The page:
California’s first COVID-19 death came on March 4, when State Gov. Gavin Newsom declared a state of emergency. Northern California health officials said that the elderly adult with underlying health conditions died while in isolation at a hospital in Roseville in Placer County. Officials said he was likely exposed while on the Grand Princess cruise ship.

A patient at the University of California-Davis Medical Center was confirmed as the first U.S. case of possible human-to-human transmission in the general public on Feb. 26. The patient was not tested for the deadly disease for four days — despite the hospital asking federal health authorities for a test.


9,315 cases; 335 deaths


7,773 cases; 101 deaths

Florida Gov. Ron DeSantis declared a state of emergency on March 9.

On March 6, the Florida Department of Health announced that two people in the state died from the coronavirus. Both individuals who died had recently traveled internationally, per the Florida Department of Health. One of the individuals was represented by Republican Rep. Matt Gaetz, who was widely criticized for wearing a gas mask on the House floor just days earlier during a vote on releasing funding to fight the virus. Gaetz later chose to self-quarantine after coming in contact with a person who had tested positive for the virus at the Conservative Political Action Conference.


7,738 cases; 122 deaths


6,980 cases; 146 deaths

The Illinois Department of Public Health announced Feb. 12 that it became the first state in the U.S. to begin in-state testing for the virus.


6,424 cases; 273 deaths


6,063 cases; 74 deaths


5,984 cases; 254 deaths

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About 14% of confirmed COVID-19 cases are aged 80 or older, according to the Washington State Department of Health. Washington Governor Jay Inslee declared a state of emergency on Feb. 29.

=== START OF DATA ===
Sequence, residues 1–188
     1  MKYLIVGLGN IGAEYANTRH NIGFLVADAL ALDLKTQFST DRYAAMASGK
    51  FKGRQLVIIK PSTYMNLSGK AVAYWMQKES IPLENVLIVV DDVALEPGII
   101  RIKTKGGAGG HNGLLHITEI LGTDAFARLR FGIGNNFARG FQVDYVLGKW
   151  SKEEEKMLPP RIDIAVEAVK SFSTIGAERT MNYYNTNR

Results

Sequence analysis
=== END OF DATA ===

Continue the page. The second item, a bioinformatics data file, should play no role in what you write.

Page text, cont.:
At least 29 deaths have been linked to the Life Care Center in Kirkland, a long-term residential facility, according to the Washington Post. More than 50 people have reported symptoms of possible COVID-19 infection at the center. On March 3, acting U.S. Department of Homeland Security Secretary Chad Wolf said that he had ordered the facility to close “out of an abundance of caution.” and “directed those employees to telework, if possible, in order to reduce the threat of community spread of the coronavirus.”


4,748 cases; 154 deaths

Georgia Gov. Brian Kemp declared a public health state of emergency on Saturday, March 14.

“We knew that Georgia would likely have confirmed cases of COVID-19, and we planned for it. The immediate risk of COVID-19 to the general public, however, remains low at this time,” said Dr. Kathleen E. Toomey, Commissioner of the Georgia Department of Public Health on March 7.


4,607 cases; 68 deaths

The city of San Antonio Metropolitan Health District and the CDC announced Feb. 13 that the first person testing positive for COVID-19 in Texas was an American evacuated from Wuhan and transported to the military base on Feb. 7, after leaving Wuhan the previous day.

On March 1, the city of San Antonio announced one person had been released from federal quarantine after initial testing turned out negative for the virus. After the patient had been released a subsequent test came up positive and the person was returned to quarantine.